Get to know your AOs: Rebecca Kidd

This month get to know Bec, a Hub manager from northern NSW and hear about her visits to forest kindergartens in Denmark.


Relieving Hub Manager Gumbaynggirr Hub/North Coast NSW

Where are you based?

Newcastle. Within the hub we have offices in Lismore, Forster, Dubbo, Tamworth, Armidale and Coffs Harbour.

Could you give an example of an inspiring bush kindy practice or program that you’ve seen in a service?

I have recently had the opportunity to attend the Nature Explorers program at Pottsville Community Preschool in Pottsville NSW. The service has been implementing the program for four years and has embedded all practices. The whole experience for Nature Explorers is well planned and thought out and provides the children who attend the service a quality community interaction which not only supports children’s awareness of nature but their awareness of sustainability practices through collecting rubbish on the way for Landcare, maintaining animal environments and being in-tune with the fauna and natural habitats of the area. The children have access to a range of areas including the beach, base camp other community spaces.

Are there any unique issues you think rural and remote services experience, and if so, how have you seen them overcome them?

Many rural and remote services are stand alone in their community with no other local services to network with. This can limit professional networking. A way to overcome this is professional networking and linking services with each other within the hub and within metro areas.

Rural and remote services have also faced much adversity within the last 2 years from floods, fire, drought and the pandemic. The biggest thing I have noticed whilst engaging with services in these areas is their resilience and support of community. In many instances the early childhood service is the main support for families. Educators within these services can be exposed to extreme family hardship and at times may be the only community support a family has. I have seen services seek training in family support and recognising trauma to provide them with additional skills to support families in crisis.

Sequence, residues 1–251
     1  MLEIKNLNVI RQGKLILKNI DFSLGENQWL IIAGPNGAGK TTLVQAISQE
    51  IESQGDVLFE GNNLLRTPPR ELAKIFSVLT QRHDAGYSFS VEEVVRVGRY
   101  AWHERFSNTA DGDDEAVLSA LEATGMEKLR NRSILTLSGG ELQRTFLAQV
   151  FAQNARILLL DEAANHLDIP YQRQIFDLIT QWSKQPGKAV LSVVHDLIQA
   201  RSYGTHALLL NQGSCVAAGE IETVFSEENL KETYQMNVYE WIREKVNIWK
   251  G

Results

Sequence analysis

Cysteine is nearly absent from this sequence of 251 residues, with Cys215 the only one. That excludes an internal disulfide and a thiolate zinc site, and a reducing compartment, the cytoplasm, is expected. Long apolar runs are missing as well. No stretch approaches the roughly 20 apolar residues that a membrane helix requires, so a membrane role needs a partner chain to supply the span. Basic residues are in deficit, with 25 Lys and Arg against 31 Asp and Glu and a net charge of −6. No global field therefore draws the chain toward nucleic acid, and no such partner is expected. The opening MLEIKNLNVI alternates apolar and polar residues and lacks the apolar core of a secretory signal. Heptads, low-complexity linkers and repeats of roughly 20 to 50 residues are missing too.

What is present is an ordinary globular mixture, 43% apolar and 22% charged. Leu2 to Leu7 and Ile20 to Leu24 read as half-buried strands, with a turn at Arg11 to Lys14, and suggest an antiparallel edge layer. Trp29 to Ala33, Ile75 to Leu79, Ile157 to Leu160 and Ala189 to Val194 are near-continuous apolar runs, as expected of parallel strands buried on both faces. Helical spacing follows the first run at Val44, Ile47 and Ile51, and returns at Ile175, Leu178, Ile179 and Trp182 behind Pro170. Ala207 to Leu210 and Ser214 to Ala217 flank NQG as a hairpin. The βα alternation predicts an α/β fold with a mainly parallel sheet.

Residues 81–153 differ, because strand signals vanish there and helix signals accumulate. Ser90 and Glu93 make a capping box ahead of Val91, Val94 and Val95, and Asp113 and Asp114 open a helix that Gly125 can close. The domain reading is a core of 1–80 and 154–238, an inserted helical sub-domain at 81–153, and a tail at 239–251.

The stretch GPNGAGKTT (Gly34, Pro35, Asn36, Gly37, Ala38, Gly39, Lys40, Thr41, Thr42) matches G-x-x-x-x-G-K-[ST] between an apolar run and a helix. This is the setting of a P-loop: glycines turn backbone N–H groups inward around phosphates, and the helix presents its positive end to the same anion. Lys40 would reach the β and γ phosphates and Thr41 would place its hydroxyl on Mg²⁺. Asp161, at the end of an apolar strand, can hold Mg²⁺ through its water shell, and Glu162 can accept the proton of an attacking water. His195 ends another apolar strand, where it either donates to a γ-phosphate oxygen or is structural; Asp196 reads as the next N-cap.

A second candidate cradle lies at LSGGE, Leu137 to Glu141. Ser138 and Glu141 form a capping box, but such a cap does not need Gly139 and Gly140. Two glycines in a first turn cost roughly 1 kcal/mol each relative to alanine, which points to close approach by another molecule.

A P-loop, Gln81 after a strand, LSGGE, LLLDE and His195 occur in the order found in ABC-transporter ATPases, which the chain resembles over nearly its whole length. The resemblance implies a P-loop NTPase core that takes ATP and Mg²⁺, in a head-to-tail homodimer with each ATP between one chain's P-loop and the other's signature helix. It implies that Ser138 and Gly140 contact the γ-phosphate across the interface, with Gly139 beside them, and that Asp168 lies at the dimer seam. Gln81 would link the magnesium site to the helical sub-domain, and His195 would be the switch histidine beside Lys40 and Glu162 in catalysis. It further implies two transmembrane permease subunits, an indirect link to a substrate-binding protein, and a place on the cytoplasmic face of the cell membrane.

In 2004 and 2018 you travelled to Denmark and got the chance to visit some of their kindergartens, what were some of the different and interesting practices you noticed compared to services in NSW?

One of the standout things I noticed was the community and family support of forest schools, nature schools and forest excursions. Families are made aware of the safe risk-taking challenges their children will engage in and actively support the schools through a strong understanding of the philosophy and the activities which the children will participate in, for example tree climbing, and a true farm to plate experience. For instance children get involved in farming animals and growing produce, and exploring nature from the highest heights. The forest schools are actively supported through local councils with scout type halls built in the forest to provide an all-weather shelter and access to cooking facilities for educators and children.

The other major difference is the children’s confidence to explore their environment and learn how to manage risk and the educator's confidence in their ability. There are no hard boundaries in many nature kindergartens, children are made aware of invisible boundaries and learn about these from the moment they start kindergarten, older children help the younger children to adhere to these in the forest. The depth of pedagogy and curriculum is well thought out and rationalised. Services support each other through peer groups and ensure that quality is provided in both learning environments and the curriculum.

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